After our delivery, the doctor didn’t greet my father in the waiting area with the expected, “It’s a boy,” but rather by saying, “You’ve got double trouble.” My dad met us and knew he had to make room! To my mother’s chagrin, he drove back home, put the two cats, Puffy and Pinwheel, into a cardboard box and gave them to a willing family. We laugh about it to this day.
How can we clean house? Make room for God first in your will.
I’ve heard it said (and since repeated many times) that if we can say to God, “I want what you want and only what you want,” then we are on the path to true holiness. How difficult that is. But we can at least begin with the desire to have that desire. That, in itself, is very pleasing to God. “I want to want what you want and only what you want.” That should be part of our prayer every day. Again, God wants to give us this grace.
Family and prayer
Make room for God with your time. Maybe your routine or the pattern of your day needs to change as it did when your first child was born. As a family and on your own, set aside time for prayer. Make a commitment as a family to do this every day. Support each other as a family to turn the television off, get away from the computer, get out of your room and pray. The Rosary is a great family prayer, and the most powerful prayer outside of the Mass. Even starting at the beginning of Advent with just one decade and adding another decade for each week of Advent, you’d be praying the whole Rosary beginning at Christmas.
Another wonderful way for a family to pray is to answer the following questions as a prayer:
— What do I have to be thankful for?
— Who shall we pray for?
— What do we need help with from God?
To answer them as a prayer, you might pray, “God, I’m thankful for your love and constant presence to us, all the grace that you give us to help us each day. And especially for ...” Be specific so that you are mindful of the actual blessings for which you are thankful.
Go beyond the very popular bedtime prayers, such as, “God bless Mommy, God bless Daddy, God bless Fluffy…” If you pray using these questions with your children, you will teach them how to pray and how to relate to God. Your children will grow in trust of God and the knowledge that God is real, that he’s listening, and he loves them.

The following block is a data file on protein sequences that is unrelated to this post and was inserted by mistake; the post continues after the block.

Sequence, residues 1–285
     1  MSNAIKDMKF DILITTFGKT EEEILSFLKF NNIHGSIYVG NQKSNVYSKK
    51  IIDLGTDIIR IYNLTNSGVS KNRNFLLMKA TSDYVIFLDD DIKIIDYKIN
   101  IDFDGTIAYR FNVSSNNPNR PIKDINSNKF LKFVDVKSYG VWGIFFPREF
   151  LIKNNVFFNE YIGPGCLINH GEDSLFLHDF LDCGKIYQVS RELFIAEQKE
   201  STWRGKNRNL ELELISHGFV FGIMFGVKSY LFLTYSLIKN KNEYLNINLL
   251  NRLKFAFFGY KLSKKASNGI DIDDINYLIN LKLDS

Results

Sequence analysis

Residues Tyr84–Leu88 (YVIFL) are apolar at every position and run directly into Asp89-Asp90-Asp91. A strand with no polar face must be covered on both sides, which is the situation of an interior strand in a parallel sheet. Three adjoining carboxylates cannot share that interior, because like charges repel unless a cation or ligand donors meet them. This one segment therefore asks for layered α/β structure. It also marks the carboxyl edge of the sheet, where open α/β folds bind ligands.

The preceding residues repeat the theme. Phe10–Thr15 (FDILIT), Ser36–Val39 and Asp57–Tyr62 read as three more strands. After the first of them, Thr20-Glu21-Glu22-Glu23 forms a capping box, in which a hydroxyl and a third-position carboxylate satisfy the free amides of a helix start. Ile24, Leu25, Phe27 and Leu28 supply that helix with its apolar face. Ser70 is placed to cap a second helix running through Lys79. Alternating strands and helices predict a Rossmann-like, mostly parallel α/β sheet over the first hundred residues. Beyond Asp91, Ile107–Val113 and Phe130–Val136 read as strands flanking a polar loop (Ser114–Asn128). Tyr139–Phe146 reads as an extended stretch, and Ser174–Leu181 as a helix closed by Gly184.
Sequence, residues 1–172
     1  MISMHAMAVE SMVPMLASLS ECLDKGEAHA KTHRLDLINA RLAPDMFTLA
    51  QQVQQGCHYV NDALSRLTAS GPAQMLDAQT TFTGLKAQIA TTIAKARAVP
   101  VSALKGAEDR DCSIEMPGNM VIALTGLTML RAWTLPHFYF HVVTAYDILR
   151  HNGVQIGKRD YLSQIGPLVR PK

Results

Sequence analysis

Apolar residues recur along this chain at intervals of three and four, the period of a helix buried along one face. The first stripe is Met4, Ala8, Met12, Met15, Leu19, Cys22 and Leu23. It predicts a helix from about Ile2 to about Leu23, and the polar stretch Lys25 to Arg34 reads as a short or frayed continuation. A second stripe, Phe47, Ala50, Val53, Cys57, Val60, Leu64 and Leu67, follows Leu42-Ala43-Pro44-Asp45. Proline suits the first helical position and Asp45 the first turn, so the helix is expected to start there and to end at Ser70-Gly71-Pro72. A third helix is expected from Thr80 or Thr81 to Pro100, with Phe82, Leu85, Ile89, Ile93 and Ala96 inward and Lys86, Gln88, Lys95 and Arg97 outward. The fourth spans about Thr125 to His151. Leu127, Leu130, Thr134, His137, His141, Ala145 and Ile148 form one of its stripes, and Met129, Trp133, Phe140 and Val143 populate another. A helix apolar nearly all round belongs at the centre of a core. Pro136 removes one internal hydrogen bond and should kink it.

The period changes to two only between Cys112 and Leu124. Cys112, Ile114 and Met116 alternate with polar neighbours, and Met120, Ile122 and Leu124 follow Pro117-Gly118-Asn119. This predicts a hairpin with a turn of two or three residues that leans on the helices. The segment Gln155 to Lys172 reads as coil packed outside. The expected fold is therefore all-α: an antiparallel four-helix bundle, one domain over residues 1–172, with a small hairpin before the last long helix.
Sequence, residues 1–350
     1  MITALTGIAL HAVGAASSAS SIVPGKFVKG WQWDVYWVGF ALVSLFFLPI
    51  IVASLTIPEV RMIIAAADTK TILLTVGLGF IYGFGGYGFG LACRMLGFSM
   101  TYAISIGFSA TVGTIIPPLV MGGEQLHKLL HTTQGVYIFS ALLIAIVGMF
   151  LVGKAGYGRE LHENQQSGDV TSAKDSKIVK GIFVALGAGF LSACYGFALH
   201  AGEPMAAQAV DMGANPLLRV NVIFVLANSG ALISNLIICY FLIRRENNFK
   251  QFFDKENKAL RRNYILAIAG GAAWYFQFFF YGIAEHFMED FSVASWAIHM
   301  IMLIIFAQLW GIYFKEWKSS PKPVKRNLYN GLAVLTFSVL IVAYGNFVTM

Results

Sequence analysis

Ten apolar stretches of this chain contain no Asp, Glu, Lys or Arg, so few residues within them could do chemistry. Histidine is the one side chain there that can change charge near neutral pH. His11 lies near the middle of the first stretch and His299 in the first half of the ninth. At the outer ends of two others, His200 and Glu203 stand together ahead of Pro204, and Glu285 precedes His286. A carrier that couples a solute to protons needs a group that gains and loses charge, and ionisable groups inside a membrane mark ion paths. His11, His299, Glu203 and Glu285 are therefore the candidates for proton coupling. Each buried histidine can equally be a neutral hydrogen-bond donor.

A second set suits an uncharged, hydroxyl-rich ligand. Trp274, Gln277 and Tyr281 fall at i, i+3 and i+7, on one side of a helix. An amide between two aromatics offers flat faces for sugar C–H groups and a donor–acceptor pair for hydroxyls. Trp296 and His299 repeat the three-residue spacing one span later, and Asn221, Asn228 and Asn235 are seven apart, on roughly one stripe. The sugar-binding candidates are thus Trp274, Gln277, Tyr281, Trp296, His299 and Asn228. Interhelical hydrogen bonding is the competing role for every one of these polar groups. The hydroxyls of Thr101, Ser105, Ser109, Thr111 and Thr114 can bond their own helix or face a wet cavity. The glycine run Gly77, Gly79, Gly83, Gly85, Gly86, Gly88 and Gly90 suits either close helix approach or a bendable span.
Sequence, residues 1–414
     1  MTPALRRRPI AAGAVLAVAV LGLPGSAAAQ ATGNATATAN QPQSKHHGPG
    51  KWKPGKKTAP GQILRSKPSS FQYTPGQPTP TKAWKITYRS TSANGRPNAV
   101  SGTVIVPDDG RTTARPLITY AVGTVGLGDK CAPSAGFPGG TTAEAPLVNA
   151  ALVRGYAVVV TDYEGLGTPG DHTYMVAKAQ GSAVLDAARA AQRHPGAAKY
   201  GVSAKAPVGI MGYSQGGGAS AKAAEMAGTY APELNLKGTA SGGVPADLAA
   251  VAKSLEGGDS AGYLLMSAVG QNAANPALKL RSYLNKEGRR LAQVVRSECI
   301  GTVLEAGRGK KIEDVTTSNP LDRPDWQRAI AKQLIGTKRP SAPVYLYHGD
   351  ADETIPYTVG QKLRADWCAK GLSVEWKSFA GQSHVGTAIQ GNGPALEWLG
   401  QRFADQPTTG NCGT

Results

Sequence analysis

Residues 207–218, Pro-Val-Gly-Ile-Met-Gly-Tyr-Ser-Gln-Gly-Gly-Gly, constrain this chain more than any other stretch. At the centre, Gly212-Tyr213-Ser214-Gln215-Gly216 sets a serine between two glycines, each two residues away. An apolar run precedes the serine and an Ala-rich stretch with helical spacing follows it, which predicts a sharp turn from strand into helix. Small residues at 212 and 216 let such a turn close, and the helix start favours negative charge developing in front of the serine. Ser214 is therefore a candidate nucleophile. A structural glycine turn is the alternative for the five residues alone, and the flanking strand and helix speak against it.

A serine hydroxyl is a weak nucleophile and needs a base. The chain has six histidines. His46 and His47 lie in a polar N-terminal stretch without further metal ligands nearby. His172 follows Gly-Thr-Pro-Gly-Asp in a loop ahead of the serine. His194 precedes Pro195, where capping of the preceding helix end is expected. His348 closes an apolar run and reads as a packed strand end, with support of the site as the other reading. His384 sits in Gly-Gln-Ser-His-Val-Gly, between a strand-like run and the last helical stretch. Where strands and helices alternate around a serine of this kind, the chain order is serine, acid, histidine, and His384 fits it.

On your own, make time to pray in the morning and evening. Whatever devotional prayers you love to pray, as part of your prayer, be yourself with God. He’s the one who loves you the most and knows you the best. He wants us to pray this way — from our hearts and with the utmost trust. We don’t have to be afraid of opening our hearts to him.
Make room for God with a good confession. Advent is a penitential season. It is the time to repent, believe in God’s mercy and trust that God can make us saints.
God’s mercy is the gateway into deeper union with him, it is not an end to itself. Therefore, we shouldn’t look at confession as one more Catholic “chore” we ought to do before Christmas, but it is rather to think how Jesus can change us if we accept him as our very own child.
Make room for God with visits to the Blessed Sacrament and daily Mass. Meeting Christ in his Eucharistic presence allows God to accomplish his work in us. The worship of the Mass is the most important and fruitful offering we can make.
What’s more, this is the way Jesus has chosen to give himself to us. If there were anything better he could give, he would have given it. He gives himself to us.
Christ is born for us. He wants to make us saints. We can be those saints if we prepare during Advent to receive him like our own newborn child.
Father Stephen Schultz writes from Virginia.